We explore the capabilities of the Single Chain Mean Field Theory (SCMFT) developed at the URV in direct applications to the design and conception of drug carriers. The method is very competitive when compared to Monte Carlo simulations and is therefore suited for an exhaustive exploration of the compositions and molecular structures, such as those required to properly tune the properties of drug carriers. This computational method best suits the purposes of this area, since it can describe such nanoscale objects including details at the molecular level. In addition, we hope to fill with this comprehensive method the huge lack of even qualitative modeling in the domain of drug carriers.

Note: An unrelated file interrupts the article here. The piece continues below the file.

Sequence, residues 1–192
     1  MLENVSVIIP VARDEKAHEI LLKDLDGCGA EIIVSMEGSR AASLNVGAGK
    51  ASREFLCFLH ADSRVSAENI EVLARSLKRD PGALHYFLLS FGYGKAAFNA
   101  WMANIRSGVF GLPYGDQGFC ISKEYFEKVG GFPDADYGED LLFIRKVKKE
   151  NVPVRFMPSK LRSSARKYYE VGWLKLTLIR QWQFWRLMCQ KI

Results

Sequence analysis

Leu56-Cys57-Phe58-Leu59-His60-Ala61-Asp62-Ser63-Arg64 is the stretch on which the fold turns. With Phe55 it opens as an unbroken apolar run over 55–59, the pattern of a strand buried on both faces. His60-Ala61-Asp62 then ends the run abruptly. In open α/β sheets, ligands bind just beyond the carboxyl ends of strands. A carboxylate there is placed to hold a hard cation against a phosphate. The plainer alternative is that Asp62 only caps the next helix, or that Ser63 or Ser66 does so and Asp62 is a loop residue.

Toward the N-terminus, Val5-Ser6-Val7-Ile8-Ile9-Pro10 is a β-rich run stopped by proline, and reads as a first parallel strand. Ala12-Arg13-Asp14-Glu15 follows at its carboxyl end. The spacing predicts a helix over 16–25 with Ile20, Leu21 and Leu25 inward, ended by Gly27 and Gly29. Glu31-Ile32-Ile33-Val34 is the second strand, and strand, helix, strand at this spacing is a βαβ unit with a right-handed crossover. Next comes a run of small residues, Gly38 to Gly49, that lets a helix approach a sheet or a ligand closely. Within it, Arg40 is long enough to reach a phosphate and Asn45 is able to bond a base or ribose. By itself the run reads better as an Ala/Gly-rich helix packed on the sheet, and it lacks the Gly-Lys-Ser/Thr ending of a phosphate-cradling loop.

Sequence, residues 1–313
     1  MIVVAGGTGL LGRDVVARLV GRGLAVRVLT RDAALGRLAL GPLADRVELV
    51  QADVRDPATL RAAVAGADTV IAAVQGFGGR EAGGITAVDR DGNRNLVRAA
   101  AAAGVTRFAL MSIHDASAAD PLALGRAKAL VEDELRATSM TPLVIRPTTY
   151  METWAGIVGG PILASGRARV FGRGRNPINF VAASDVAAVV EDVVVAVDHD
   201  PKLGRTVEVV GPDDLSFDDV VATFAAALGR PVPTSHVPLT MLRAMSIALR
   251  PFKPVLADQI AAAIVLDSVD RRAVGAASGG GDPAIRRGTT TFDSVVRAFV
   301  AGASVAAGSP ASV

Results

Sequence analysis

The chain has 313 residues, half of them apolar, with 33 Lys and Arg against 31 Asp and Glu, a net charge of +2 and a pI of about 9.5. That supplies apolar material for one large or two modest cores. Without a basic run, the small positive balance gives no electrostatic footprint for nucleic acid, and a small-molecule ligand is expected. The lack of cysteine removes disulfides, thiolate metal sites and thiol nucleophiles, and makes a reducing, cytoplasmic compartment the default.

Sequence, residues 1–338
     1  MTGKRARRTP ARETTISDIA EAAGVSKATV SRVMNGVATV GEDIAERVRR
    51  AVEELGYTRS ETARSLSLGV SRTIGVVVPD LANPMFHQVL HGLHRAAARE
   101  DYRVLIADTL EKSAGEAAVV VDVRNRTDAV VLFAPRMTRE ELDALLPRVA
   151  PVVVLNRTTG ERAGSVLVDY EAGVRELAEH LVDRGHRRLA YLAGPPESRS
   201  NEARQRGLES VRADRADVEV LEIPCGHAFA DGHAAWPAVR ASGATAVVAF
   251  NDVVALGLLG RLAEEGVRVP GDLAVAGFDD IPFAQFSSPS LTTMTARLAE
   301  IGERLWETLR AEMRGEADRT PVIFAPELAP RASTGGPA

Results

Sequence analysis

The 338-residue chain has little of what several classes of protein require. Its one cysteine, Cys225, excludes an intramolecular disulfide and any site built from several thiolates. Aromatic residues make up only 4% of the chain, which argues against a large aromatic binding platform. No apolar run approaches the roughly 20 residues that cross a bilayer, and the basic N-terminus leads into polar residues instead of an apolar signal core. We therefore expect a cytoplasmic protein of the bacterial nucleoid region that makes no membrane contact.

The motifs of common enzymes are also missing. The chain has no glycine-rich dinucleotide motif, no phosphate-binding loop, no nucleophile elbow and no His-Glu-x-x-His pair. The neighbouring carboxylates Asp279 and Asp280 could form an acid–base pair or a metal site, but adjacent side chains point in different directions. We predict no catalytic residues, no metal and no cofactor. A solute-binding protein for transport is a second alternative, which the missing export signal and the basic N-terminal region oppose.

The method exactly accounts for the configurations of a single microscopically detailed chain at the molecular level. The interactions between different chains are described self-consistently through a mean molecular field. This mean field is found self-consistently. This method can be applied to solutions of linear or branched polymers, solutions of low-molecular weight surfactants and various additives, and mixtures of various components. It can be extended for the description of ordered phases, like liquid crystals, and to disordered structures as gels. The methodology of the SCMFT by its construction can be especially successful when used in parallel for the description of nano-objects like polymeric drug carriers.(Read more)